Morality of Strategic Defaults – Part 2 (the response)
Here are a couple of contrasting responses to yesterday’s article on the morality of strategic defaults from a couple of my Facebook friends:
“The banks took the risk of extending loans for properties that common sense says could not indefinitely continue to increase in value as rapidly as they had been. They have much more experience dealing with market valuation than the average home buyer… I say the risk falls largely on the banks. It comes down to a simple business decision in the end, and you have to ask yourself how quickly the banks would terminate a contract were the rolls reversed. My .02.”
Here’s the counter-point another friend made:
“If the note says “I agree to pay” and you are able to pay, then how are you being a person of integrity if you don’t? If you follow the path of turning something in whenever it suits you because you now owe more than its value, every new car purchased would be turned in when you are ready for something different.”
Though I am emotionally compelled by the first statement, my conscience won’t let me escape the second.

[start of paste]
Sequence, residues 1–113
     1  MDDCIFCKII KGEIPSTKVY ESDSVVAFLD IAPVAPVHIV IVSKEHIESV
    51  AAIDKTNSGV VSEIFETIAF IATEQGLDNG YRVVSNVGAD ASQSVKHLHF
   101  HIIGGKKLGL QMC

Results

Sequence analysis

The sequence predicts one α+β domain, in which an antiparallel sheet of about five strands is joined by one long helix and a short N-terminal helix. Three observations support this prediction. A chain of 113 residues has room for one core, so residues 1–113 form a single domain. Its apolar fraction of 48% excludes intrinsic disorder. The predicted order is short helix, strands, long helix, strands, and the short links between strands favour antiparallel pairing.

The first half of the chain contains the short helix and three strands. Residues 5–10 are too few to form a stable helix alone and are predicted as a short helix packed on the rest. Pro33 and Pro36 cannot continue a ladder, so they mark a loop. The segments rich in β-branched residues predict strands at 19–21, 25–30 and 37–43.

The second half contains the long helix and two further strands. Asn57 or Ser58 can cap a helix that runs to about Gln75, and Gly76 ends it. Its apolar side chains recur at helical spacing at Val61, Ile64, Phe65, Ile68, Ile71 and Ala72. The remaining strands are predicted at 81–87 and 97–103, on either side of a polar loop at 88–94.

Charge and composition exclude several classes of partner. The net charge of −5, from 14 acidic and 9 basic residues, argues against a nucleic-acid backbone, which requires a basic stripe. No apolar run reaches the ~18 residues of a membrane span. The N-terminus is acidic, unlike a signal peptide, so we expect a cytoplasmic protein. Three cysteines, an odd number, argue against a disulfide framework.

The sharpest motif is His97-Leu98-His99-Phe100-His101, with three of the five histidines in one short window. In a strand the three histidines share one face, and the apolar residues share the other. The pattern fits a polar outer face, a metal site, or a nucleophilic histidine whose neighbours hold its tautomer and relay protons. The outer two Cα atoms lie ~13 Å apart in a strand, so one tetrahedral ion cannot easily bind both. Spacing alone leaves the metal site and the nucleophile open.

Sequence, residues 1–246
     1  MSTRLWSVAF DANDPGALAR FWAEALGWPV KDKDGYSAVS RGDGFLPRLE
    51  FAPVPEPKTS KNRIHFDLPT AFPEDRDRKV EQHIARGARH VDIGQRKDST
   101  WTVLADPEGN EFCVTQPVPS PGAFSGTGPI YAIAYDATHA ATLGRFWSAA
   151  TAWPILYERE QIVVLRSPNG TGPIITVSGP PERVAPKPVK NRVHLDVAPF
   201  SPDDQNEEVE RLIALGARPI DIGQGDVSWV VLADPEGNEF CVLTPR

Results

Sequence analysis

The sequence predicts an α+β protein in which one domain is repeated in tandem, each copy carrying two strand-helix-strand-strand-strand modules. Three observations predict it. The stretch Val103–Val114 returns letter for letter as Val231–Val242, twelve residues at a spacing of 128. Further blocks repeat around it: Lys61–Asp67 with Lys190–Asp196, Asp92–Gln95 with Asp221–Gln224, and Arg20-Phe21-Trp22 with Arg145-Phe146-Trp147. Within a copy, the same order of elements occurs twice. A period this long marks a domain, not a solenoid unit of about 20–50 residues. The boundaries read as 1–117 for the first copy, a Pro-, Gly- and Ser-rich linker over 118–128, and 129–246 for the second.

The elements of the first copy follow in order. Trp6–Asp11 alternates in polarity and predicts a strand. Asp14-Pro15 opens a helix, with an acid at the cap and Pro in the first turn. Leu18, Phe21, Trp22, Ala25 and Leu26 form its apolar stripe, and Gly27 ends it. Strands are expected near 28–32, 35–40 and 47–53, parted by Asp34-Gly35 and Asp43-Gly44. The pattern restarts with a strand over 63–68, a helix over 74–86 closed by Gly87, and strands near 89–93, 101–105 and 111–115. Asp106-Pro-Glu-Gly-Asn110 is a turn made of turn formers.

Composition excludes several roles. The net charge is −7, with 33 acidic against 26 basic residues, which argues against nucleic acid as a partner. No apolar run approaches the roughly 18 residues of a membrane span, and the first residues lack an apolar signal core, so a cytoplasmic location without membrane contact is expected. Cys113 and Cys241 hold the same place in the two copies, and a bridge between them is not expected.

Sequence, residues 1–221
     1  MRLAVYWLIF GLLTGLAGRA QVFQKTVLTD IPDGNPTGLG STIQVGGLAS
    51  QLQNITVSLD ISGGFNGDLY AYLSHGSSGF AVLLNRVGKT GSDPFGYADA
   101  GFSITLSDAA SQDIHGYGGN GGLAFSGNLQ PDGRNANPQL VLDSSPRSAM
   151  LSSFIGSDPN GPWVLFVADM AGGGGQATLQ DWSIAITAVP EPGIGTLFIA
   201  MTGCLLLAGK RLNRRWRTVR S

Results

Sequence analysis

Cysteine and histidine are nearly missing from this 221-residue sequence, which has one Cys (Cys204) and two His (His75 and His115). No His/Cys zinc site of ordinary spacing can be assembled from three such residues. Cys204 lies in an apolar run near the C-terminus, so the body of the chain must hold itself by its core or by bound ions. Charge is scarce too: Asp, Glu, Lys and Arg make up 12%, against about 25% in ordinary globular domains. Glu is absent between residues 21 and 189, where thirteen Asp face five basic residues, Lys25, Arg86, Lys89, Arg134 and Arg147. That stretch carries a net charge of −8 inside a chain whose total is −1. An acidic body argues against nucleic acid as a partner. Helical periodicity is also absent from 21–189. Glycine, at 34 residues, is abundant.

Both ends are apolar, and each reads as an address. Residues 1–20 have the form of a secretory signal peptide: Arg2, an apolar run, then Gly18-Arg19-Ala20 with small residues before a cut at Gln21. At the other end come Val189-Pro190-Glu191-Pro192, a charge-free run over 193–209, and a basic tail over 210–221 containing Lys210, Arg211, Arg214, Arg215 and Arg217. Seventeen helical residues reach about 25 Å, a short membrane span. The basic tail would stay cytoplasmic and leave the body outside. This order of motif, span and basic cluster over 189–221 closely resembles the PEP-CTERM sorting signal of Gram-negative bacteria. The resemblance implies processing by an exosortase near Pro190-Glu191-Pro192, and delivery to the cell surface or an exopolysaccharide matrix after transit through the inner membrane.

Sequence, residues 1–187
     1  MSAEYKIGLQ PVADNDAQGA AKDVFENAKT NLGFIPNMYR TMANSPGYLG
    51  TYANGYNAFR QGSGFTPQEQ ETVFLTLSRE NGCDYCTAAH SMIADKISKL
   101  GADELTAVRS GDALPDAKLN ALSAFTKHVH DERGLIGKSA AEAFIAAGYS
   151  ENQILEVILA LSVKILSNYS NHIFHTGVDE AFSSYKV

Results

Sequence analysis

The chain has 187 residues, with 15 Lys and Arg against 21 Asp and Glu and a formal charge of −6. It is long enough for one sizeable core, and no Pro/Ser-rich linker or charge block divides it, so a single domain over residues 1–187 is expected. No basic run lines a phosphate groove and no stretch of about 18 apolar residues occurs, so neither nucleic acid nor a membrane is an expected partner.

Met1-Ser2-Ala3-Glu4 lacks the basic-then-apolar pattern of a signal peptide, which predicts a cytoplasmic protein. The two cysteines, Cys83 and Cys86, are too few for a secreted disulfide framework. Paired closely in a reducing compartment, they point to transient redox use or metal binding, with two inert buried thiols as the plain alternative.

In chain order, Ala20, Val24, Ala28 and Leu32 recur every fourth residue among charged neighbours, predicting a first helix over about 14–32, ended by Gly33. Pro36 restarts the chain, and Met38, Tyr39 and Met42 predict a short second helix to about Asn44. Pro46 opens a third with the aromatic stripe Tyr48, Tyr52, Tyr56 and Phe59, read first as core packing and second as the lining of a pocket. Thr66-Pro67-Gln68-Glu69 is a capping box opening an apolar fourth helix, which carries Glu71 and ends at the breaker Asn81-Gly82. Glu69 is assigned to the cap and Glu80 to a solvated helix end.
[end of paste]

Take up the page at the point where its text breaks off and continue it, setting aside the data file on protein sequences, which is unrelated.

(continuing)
I’m reminded of the 80’s film The Mission starring Robert De Niro and Jeremy Irons. In short, De Niro and Irons play Jesuit priests who run a mission in South America that is in danger of seeing the natives enslaved due to a redistribution of land and political rule between Spain and Portugal. De Niro’s character holds the view that The Mission must be defended at any costs (the 1st view above), Iron’s character holds that whatever comes they cannot resort to violence, charity must overrule, and sacrifice for the sake of higher principle supercede personal feelings (the 2nd view above) . In the end, both have compelling reasons for their convictions and hold steadfastly to them. Sadly, neither survives the bloody massacre that ensues.
Hopefully, our story will have a better ending.